In the last post, I talked about how the type of wood that makes up a cask has a large effect on the spirit that goes into it. However, if the cask has already had a liquid stored in it, then that too will obviously have some influence as well. In the case of a sherry cask, that liquid will either be sherry or another similar fortified wine.
It starts, as you might expect, with grapes. The most common grape used to make sherry is Palomino, which produces a low-sugar, low-acid, generally uninteresting wine. While that’s not a good combination for table wine, it’s perfect for sherry – the complexity of flavour will come from the maturation process. The grapes are pressed, with the results each pressing being set aside for a different grade of sherry, and the juice is left to ferment. Once it’s reached around 12-13% abv, it’s racked into casks and choices are made as to the type of sherry it will become.
Firstly, fino. This is a dry style that’s very light in colour, with a zingy, nutty and yeasty character. To make it, you fortify the wine up to about 15% using a high-strength grape spirit, which strengthens the wine but is still low enough in alcohol to keep the yeasts suspended in the liquid alive. They clump on the surface to form a protective layer known as flor, which helps digest any sugars remaining in the wine as well as keeping the colour light, by preventing contact with the oxygen in the air. American oak casks are almost always used to mature fino and it’s not often seen in the whisky world, with recent exceptions like the Glenfarclas 1966 Fino Cask, Kavalan Fino and the legendary Bowmore 1964 vintage fino bottlings.
Secondly, oloroso. This is the style that’s most commonly associated with whisky casks, and is a rich wine with some residual sweetness. The style varies quite a lot, as you’ll often find that olorosos sold in the UK are sweetened to better match the sugar-loving British palate. By contrast, Spanish olorosos will often be quite dry, with a nutty character. Either way, the process starts by fortifying the wine to about 17%, which kills the yeasts, and allows the wine to mature while exposed to the air. It will darken in colour and change in flavour over time, increasing in complexity and losing any rough edges.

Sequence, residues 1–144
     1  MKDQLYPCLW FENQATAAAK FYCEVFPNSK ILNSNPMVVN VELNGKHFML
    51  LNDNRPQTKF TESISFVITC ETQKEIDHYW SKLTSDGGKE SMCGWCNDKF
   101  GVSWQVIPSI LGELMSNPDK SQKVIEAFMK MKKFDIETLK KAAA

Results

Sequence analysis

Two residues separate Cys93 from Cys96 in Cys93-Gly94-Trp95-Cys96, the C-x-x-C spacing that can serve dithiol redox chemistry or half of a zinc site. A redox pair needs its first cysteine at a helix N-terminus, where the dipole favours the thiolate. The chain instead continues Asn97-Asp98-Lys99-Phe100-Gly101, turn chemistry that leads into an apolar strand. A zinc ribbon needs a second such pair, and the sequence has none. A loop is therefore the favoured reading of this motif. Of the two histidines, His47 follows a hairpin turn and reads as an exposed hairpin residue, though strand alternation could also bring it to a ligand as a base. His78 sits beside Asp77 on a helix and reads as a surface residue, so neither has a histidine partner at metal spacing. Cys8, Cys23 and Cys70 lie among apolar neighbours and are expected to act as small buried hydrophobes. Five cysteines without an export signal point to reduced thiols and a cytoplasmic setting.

When it comes to whisky making, a third wine is becoming increasingly important – Pedro Ximénez, aka PX. It starts out as a regular white grape, but is dried to an almost raisin-like level before being pressed, concentrating the sugars. The juice that you do get from the shrivelled grapes is very sugary, and when it’s made into sherry it remains sweet. While you can find it on its own, and is great poured over vanilla ice cream, it’s also used to sweeten other wines, such as UK-bound olorosos.
At this point the wine is ready to be drunk, and traditionally it would have been filled into a cask to be transported to where it was to be sold. As export regulations no longer allow that, the bodegas creating whisky casks try and replicate the process on site.
At Bodegas José y Miguel Martin, they first fill their new casks with sacrificial young oloroso, to draw out some of the oak’s intensely woody flavour. The wine is left in the cask for a few months before being decanted and filled into another cask. After seasoning four casks, the wine is too oaky to drink and will be turned into sherry vinegar.
The casks are not done yet, and are filled with more oloroso and left for between months and years to further season. Once the cask is deemed ready, the sherry is decanted and used to fill the first cask of a solera. The solera casks are old and perfect for maturing the oaky wine, allowing the woodiness to fade over time, becoming part of the character of an old oloroso.
The cask, now empty, is shipped to Scotland, where it will start a new life: maturing Scotch whisky.